Hard Shackle Failure


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Simon Currin
Simon Currin
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We had a shackle fail this season too. This time a stainless steel one that went without warning. It is the captive shackle built into our Lewmar traveler.  The lesson is that we should have replaced it 3 years ago when we replaced a standing rigging but we didn't think about it at the time.
Simon

gareththomas50
gareththomas50
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Hi Simon, it looks as if there has been loads of asymmetric loading.
Simon Currin
Simon Currin
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gareththomas50 - 7/24/2019
Hi Simon, it looks as if there has been loads of asymmetric loading.

Gareth,
Well spotted. Yes, the traveler control lines were also tied into the same shackle that takes the main sheet which is the way it had been set up by the original rigger.The control line had thus been exerting a horizontal force and the sheet a vertical one. A lesson learned!
Simon
Dick
Dick
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Simon Currin - 7/24/2019
gareththomas50 - 7/24/2019
Hi Simon, it looks as if there has been loads of asymmetric loading.

Gareth,
Well spotted. Yes, the traveler control lines were also tied into the same shackle that takes the main sheet which is the way it had been set up by the original rigger.The control line had thus been exerting a horizontal force and the sheet a vertical one. A lesson learned!
Simon

Hi Simon,
You flag a not uncommon occurrence.
Over time, I have come to be very skeptical of stainless steel (especially "D" shackles) in many of the common uses that finds it used on a cruising sailboat.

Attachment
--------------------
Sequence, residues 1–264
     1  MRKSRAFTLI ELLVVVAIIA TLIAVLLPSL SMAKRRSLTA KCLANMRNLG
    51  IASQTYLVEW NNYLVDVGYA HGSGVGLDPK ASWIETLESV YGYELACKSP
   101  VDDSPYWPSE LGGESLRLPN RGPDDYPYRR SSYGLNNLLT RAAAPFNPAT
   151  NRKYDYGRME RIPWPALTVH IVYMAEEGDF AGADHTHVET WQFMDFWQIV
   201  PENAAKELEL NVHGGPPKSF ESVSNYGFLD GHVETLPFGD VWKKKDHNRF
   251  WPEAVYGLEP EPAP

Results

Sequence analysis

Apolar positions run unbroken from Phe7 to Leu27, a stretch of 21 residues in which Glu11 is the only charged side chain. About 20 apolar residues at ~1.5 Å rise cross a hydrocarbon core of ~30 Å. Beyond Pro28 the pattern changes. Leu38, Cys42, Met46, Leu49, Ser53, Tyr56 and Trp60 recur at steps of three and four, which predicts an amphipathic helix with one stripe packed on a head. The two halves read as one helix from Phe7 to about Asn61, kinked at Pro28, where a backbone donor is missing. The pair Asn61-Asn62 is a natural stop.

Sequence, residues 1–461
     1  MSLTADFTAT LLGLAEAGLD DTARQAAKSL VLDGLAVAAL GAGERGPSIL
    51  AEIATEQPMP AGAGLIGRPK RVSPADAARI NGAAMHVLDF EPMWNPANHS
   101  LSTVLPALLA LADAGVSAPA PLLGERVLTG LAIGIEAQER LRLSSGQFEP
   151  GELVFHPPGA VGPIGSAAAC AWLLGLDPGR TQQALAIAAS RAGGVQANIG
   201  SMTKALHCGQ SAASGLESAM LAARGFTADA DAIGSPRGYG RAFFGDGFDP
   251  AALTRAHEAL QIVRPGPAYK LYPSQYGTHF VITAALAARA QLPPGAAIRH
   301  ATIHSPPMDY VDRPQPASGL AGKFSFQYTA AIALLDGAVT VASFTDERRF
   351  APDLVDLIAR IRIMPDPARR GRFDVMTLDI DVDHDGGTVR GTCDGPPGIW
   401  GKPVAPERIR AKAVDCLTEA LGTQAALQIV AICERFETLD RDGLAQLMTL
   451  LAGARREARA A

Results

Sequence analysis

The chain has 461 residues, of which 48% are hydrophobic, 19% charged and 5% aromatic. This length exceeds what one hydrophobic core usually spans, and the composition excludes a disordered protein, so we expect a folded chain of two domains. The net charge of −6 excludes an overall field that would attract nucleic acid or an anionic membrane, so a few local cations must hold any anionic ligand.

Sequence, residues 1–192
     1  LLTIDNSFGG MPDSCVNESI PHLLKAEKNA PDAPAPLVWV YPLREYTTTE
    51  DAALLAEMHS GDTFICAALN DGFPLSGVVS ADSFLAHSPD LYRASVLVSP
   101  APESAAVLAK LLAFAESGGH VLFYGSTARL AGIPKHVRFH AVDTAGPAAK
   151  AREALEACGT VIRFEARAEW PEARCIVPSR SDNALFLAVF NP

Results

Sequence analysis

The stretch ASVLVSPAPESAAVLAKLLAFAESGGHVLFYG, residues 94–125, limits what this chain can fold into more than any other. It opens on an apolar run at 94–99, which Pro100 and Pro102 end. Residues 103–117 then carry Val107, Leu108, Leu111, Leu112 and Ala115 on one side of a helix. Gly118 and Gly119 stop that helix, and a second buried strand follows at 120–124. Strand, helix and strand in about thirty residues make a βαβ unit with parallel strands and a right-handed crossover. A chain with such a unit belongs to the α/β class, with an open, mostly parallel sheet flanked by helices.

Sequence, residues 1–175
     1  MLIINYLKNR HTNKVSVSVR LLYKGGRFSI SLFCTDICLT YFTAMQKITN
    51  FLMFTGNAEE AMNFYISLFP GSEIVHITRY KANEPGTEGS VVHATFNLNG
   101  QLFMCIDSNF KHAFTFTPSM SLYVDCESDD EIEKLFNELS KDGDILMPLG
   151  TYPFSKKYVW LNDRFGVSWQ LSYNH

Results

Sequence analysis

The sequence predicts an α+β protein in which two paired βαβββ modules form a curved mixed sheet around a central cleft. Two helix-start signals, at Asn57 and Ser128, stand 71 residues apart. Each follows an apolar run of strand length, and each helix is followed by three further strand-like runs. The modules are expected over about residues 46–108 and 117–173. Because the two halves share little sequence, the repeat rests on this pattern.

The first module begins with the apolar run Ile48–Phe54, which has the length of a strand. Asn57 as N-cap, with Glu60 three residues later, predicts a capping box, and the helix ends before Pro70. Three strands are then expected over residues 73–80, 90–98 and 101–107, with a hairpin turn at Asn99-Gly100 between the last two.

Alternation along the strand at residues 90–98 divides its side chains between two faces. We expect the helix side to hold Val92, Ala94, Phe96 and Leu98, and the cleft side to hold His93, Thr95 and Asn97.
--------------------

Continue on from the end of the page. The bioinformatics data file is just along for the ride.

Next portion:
Two reasons: they break without warning, sometimes in ways that can do damage to crew or boat. And unless you are quite diligent that you only purchase from a manufacturer who is well known for quality control (read also expensive), you do not know what you are getting and it may be junk.
My solution has been to replace some of the ss shackles and ss bales with lashings. Lashings have the advantage of being as strong as you want them to be and to give lots of warning of approaching failure. They are also of variable length.
I do my lashings in a particular way to ensure back-up and some UV protection.
First I determine the number of loops necessary to achieve the strength I want (add some for safety). Almost all my lashings are done with 3/16 inch/4.5mm yacht braid. Say 6 strands (3 round trips) equals the strength I want. I would bump that to 8 for a safety margin. I would then take 2 loops (4 strands) and secure the loops with a couple of 1/2 hitches. This would be my “back up”. Then (continuous line) I would take 3 more loops (6 strands) and secure it with 1/2 hitches. The lines will “work” enough so that in short order all of the strands will be under the same load.
If I believe the lashing will be shaken around a lot, I will seize the strands at either end.
Visually, they will give good warning of UV damage or chafe damage well before ever getting close to failure. I practice, I take them apart every couple of years, give them a wash, and turn them end for end. They have never failed me.
My best, Dick Stevenson, s/v Alchemy


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